The Mudcat Café TM
Thread #25445   Message #2092525
Posted By: Barry Finn
02-Jul-07 - 02:01 PM
Thread Name: Lyr Req: Firing the Mauretania
Hi Batty, I'm over here. I did sing this at one time don't remember it now. You may have heard Neil, my singing partner, singing this at the PR, we were going to record it but. I got it from Steve Canright who sang the lead & I was part of the chorus on Radiano's CD "Time Ashore Is Over". Well Steve got it from Bermuda Quadrangle which Jeff Warner was a part of, you may have heard Jeff sing this at the Press Room, I have. They, (BQ) I believe, got it from '"The Bosun's Locker" published by Stan Hugill who had it from Redd Sullivan of the Thameside"(roughly copied from notes of Radiano's CD jacket)
Here's a post from another thread on the subject of this song.

From: radriano - PM
Date: 30 Aug 02 - 06:52 PM

Lead: Stephen Canright

In nineteen hundred twenty four
Found myself in Liverpool on the floor
So I went to the Cunard office door
Got a job on the Mauretania

Oh, firing the Mauretania
She surely is a slaver
To Hell with the Mauretania

The Mauretania's a wonderful sight
Sixty-four fires a-burning bright
But you'll shovel coal from morning to night
A-firing the Mauretania

The coal was so hard and full of slate
And that's what got to the four-to-eight
It very soon wearied the four-to-eight
A-firing the Mauretania

The eight-to-twelve were much better men
But they were weary by half part ten
So tired and weary by half past ten
A-firing the Mauretania

The fan's on the bum and fire won't draw
And that's what got to the twelve-to-four
It very soon buggered the twelve-to-four
A-firing the Mauretania

So come all you firemen, listen to me
The Mauretania spells purgatory
Stick to the coast, don't go deep sea
A-firing the Mauretania

The correct spelling of this ship's name is Mauretania. I first heard this sung by Stephen Canright at one of the Hyde Street Pier shanty sings in San Francisco. Stephen got the song from the cassette tape A Beautiful Life by the group Bermuda Quadrangle. David Jones, one of the singers in the group thinks the song was written by Redd Sullivan who, along with his partner Martin Windsor, ran a very successful folk club, The Troubadour, in London from the early 1960s to the 1980s. Jeff Warner, who sings the lead on this song, agrees with David. The times, 4 to 8, etc., refer to the 4 hours on and 4 hours off watches. In their liner notes Bermuda Quadrangle says "The Fireman's Lament" or "Firing the Mauretania" was entered in English shantyman Stan Hugill's "The Bosun's Locker" column in Spin,The Folksong Magazine, Volume 1, # 9, 1962. Hugill's notes read: "Words collected and arranged by Redd Sullivan of the Thameside 4, sometime fireman himself. Tune: variant of "Paddy Works on the Railway."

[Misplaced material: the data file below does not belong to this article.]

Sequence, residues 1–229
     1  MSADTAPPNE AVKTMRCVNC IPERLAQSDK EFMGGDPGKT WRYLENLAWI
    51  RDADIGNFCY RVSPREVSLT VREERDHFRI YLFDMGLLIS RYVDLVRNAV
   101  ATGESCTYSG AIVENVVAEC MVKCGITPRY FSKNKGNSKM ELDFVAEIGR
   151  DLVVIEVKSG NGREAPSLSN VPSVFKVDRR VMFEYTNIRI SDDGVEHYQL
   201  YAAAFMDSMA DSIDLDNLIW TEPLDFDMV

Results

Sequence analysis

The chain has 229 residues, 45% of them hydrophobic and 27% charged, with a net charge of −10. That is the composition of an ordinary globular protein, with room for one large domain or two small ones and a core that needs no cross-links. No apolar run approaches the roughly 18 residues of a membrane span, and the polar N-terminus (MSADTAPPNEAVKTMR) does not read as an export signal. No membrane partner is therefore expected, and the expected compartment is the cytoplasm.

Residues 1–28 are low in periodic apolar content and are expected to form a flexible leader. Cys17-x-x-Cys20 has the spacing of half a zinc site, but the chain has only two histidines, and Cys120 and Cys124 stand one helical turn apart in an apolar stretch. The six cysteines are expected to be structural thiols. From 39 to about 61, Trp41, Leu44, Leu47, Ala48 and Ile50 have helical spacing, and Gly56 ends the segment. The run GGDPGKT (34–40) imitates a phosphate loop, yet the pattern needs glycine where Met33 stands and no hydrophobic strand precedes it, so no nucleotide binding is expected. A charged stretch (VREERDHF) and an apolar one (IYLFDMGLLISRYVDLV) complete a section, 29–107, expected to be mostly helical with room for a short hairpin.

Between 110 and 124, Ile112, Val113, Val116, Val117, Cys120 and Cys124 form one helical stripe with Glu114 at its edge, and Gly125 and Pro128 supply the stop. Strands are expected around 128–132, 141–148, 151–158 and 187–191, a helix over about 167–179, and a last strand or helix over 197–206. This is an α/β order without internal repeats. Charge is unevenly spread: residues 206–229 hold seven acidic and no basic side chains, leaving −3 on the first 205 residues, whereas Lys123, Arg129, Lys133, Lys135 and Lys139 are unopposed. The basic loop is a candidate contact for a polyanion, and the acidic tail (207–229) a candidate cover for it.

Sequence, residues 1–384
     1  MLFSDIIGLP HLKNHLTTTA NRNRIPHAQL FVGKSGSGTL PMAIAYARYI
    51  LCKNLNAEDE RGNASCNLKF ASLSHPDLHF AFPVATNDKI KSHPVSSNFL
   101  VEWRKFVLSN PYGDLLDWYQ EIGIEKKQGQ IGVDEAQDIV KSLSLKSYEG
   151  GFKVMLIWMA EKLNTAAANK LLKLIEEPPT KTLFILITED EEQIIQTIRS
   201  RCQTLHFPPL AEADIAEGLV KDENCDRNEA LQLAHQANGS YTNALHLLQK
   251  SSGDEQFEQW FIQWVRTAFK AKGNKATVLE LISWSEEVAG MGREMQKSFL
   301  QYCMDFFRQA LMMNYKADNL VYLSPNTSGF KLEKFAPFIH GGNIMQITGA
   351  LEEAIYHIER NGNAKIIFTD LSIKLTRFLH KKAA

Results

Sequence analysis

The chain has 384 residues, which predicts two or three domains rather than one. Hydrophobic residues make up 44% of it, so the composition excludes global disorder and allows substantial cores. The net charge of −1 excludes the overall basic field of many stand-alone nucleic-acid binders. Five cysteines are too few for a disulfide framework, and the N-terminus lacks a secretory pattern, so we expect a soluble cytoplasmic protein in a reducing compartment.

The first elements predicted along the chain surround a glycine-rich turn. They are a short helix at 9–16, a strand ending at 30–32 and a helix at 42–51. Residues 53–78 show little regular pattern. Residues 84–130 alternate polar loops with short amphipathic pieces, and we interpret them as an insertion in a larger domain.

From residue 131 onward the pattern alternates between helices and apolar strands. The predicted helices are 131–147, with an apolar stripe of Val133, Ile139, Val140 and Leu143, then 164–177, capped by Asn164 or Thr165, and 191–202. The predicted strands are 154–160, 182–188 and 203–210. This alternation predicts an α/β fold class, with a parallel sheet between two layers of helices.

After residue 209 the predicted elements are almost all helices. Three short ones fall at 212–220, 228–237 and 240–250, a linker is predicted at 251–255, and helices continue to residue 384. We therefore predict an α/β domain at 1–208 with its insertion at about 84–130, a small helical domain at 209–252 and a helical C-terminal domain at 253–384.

Stephen Canright, who is also the Chief Curator for the Maritime Museum in San Francisco, sent me the following notes on Firing the Mauretania:

"When I first heard this song on a tape by the Bermuda Quadrangle, I was intrigued with the idea of a stoking shanty. It seemed reasonable that a rhythmic song might ease the labor of shoveling coal into the furnaces of a big steamer. Stoking was individual work, but a song might give the lads a lilt to work to and a chance to bitch about their lives. I doubt, however, that this was actually ever sung in the boiler room of the Mauretania, especially as it turns out that she was converted to oil-fire by 1921.

The passenger liner R.M.S. Mauretania, launched in 1906, was the most famous ship of her time. Until 1930 she ran for Cunard between Southampton, England and New York City, carrying 2,500 passengers and a crew of 800. For twenty years she was the fastest passenger steamer on the Atlantic run. At almost 800 feet in length, she was for a time the largest ship in the world. Her sister-ship Lusitania was sunk by a German U-boat in 1915 with heavy loss of life, helping to bring the United States into the First World War. The Mauretania was finally scrapped in 1935.

The Mauretania was a turbine steamer. She had twenty-five steam boilers, most with eight furnaces or fire boxes, for a total of 192 furnaces. The fires were fed by stokers shoveling coal, each man tending four furnaces, so that forty-eight stokers worked each watch. The stokers worked four hours on and eight hours off, whenever the ship was at sea. It was a hard and dirty job, with gaunt, black-faced men laboring like imps in the bowels of Hell. Only by about 1930 had all of the big Atlantic liners adopted oil fire, ending this backbreaking labor."

Mauretania Statistics:

Gross Tonnage - 31,938 tons
Dimensions - 232.31 x 26.82m (762.2 x 88.0ft)
Number of funnels - 4
Number of masts - 2
Construction - Steel
Propulsion - Quadruple-screw
Engines - Steam turbines by Wallsend Slipway Co. Ltd.
Service speed - 25 knots
Builder - Swan, Hunter & Wigham Richardson, Wallsend-On-Tyne
Launch date - 20 September 1906
Passenger accommodation - 563 1st class, 464 2nd class, 1,138 3rd class

The following Google search for "Mauretania" gives numerous links to a wealth of information about R.M.S. Mauretania:

Mauretania search

To view the Mudcat Forum thread on this song click on the following link:

Mauretania Thread

I've put together one file of all these detailed liner notes for my album which I will distribute electronically. Anyone interested can get a copy by sending me a e-mail message at:

Great song